Persistent URI permissions in Android

While working on our latest app Infinite Soundboards I found myself banging my head against the wall with permission issues. Permission issues are normally pretty trivial, just get the right permissions and I’m set right? Not the case with this instance. The exception would only occur in the app after a device reboot when you tried to play a sound. The exception was coming from the code that would try to look up a sound file based on its URI.

This little bug was particularly bothersome because the stack trace said to consult my Android manifest. Now I had checked it several times and was positive I had listed the correct permissions. So where was this issue coming from? The only place I was aware of to do any type of permissioning was the manifest, surely I had missed something.

Well it turns out that in Android URIs have what are called persistent permissions. When an Android app opens a file the android system grants that app a URI permission. These permissions only last until the device is restarted. With persistent URI permissions your app essentially takes these permissions and holds them through device restarts. That way it can access any files it has accessed before the restart. Unlike normal permissions that are set in the manifest, persistent permissions have to be set in the code. Let’s take the code from Infinite Soundboards for an example:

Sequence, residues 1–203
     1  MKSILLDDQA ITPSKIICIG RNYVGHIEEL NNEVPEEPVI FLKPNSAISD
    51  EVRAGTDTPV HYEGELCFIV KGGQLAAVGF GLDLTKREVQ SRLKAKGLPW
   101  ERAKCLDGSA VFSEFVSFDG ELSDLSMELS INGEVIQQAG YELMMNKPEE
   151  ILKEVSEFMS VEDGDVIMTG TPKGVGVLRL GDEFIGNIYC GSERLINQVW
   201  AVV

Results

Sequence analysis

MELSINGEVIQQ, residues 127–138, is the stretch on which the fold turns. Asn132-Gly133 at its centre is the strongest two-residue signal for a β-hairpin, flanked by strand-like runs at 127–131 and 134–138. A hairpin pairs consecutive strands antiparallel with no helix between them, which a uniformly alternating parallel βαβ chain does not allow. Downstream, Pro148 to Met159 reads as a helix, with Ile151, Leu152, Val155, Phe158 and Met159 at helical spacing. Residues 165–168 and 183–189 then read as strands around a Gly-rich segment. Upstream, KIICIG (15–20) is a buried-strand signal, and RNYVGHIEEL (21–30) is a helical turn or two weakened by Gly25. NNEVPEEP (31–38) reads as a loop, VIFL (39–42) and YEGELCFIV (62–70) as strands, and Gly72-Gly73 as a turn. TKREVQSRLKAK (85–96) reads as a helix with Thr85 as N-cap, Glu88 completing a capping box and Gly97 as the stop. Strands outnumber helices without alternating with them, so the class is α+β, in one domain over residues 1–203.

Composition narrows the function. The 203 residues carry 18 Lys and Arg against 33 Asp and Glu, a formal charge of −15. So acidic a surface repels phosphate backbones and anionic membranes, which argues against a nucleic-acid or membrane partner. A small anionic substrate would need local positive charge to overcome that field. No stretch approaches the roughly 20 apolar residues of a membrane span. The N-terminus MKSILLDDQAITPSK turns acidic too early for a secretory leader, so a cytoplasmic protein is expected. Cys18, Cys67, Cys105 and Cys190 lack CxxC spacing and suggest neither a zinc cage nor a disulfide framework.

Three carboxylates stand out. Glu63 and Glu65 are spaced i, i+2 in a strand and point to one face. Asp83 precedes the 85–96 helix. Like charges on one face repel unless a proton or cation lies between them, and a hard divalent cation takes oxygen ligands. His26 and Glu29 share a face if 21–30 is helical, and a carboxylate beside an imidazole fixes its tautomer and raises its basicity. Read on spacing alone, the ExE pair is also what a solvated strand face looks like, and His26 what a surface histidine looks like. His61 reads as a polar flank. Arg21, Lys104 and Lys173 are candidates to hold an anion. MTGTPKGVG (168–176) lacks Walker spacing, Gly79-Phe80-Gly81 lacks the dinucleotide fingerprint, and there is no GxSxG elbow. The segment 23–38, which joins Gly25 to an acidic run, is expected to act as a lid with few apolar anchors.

There are 2 parts to giving your app persistent URI permissions. First you need to set the flags for the permissions your app requires, and second you need to have your apps content resolver take those permissions.

private void launchFileBrowser(){
        final int KITKAT_VALUE =1002;
        if (Build.VERSION.SDK_INT < 19){
            intent = new Intent();
        } else {
            intent = new Intent(Intent.ACTION_OPEN_DOCUMENT);
        startActivityForResult(intent, KITKAT_VALUE);

This is the method used to launch the file browser when you add a new sound to a soundboard. Here we add 2 flags to our intent if the device is running on Kitkat or above. If the device is running on anything below Kitkat we only add the second flag. The flags are FLAG_GRANT_PERSISTABLE_URI_PERMISSION and FLAG_GRANT_READ_URI_PERMISSION. The first flag allows the app to persist it’s permissions through restarts. The second flag grants the app permission to read from the URI. There is a 3rd flag that can be granted as well if your app needs it, FLAG_GRANT_WRITE_URI_PERMISSION will give your app write permissions on the URI.

        int takeFlags = intent.getFlags();
	ContentResolver resolver = getActivity().getContentResolver();

This code tells your content resolver to take the uri permissions. You’ll need the URI of the file you want the permissions on, as well as the intent you set up with the appropriate flags. In Infinite Soundboards this is handled after the file browser activity is complete. And that’s it your app can now use file URIs across device restarts.

You can check out google’s documentation for Persistent permissions here.

Infinite Sounds can be downloaded here and you can check out its source code here.